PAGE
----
Hope Over Heroin Rally Held In Wake of Cincinnati Overdose Wave

By McCarton Ackerman 08/30/16

The community event was planned months ahead of the overdose wave which resulted in 174 suspected overdoses and three deaths. 

Hope Over Heroin Rally Held In Wake of Cincinnati Overdose Wave
Photo via YouTube

As a record number of heroin overdoses has hit Ohio and neighboring states this past week, Cincinnati area residents gathered for two anti-heroin rallies to raise awareness of the crisis.

Local news outlet WLWT reported that rally organizers in Hamilton marched along the High Street Bridge on Saturday. “It's sold very cheap. And it's done to destroy kids," said Ed Bannon, an organizer of the Hamilton rally. "It's destroying families. And the bottom line is we're just all coming together and trying to take our city back." 

Meanwhile, the town of Norwood held a two-day Hope Over Heroin rally that began with a prayer march. They released 45 balloons into the air, one for each of the town’s residents who lost their life to heroin.

“It seemed like I could handle it and I could set it down and function. You figured out you couldn't ... and at a point in my life, I couldn't," said Scott Caraboolad, a motorcycle stunt rider at the Norwood rally and a recovering heroin addict. "If I said how beautiful it was you probably wouldn't believe it. But you're not hopeless. Nobody is hopeless. Just making some wrong decisions.”

In a scene that was morbidly apropos, marchers at the Norwood rally inadvertently walked past paramedics who were treating a man for a heroin overdose. Norwood police confirmed that the man was revived after being given two doses of Narcan.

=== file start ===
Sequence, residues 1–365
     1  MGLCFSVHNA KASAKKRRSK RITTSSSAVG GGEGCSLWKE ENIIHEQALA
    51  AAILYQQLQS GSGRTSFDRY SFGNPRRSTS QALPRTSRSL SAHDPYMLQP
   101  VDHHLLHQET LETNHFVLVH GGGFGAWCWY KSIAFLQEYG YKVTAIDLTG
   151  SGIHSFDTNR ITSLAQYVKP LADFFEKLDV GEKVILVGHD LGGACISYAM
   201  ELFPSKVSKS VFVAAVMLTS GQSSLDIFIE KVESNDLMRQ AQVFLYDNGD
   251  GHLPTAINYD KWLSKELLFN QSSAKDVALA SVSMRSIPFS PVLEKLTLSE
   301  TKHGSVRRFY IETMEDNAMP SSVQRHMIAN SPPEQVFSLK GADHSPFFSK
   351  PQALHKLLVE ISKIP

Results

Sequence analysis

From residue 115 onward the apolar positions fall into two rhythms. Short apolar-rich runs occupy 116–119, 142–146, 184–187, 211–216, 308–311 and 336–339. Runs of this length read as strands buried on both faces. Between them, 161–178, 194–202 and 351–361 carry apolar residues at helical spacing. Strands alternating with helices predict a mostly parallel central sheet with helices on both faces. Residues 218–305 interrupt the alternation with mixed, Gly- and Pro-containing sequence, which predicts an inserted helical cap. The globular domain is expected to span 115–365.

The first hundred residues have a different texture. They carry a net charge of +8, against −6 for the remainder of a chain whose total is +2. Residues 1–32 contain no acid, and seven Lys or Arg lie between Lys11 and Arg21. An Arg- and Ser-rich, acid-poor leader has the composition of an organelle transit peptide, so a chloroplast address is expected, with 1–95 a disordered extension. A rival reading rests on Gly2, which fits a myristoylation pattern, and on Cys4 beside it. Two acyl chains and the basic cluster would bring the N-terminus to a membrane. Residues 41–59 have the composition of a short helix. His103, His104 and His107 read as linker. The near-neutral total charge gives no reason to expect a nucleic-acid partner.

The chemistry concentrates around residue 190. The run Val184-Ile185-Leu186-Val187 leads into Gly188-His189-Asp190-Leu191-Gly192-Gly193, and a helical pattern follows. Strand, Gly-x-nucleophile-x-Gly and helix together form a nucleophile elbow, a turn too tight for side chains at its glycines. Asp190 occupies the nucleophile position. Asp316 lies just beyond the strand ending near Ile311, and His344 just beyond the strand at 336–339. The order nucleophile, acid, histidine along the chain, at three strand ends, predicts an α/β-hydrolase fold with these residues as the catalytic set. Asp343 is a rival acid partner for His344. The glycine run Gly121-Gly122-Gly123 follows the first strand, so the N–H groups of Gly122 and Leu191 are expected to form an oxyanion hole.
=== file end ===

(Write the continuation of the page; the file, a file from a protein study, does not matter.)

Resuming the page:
Cincinnati is now dealing with a rash of heroin overdoses that Hamilton County Health Commissioner Tim Ingram called “unprecedented.” Emergency rooms recorded 174 suspected heroin overdoses in the past two weeks, including 78 overdoses in a two-day stretch. At least three deaths have been reported.

Local police have suspected that the heroin in this deadly batch may have been contaminated with carfentanil, a drug that is 100,000 times stronger than morphine and used to sedate large animals like elephants. Because of the mixture's high potency, those treating overdose victims with Narcan haven’t had the same success as they would with untainted heroin.

In response to the crisis, Hamilton County has launched a heroin response team that will provide treatment to addicts instead of punishment. Newtown Police Chief Tom Synan, head of the county's Heroin Task Force, said a similar program in nearby Colerain Township has led to a 35% drop in heroin overdoses in the past year.

Please read our comment policy. - The Fix
Disqus comments

McCarton Ackerman is a freelance writer and editor living in Portland, Oregon. He has been a contributor for The Fix since October 2011, writing on a wide range of topics ranging from medical marijuana in Colorado to the world's sexiest drug smugglers. Follow him on Linkedin and Twitter.

Disqus comments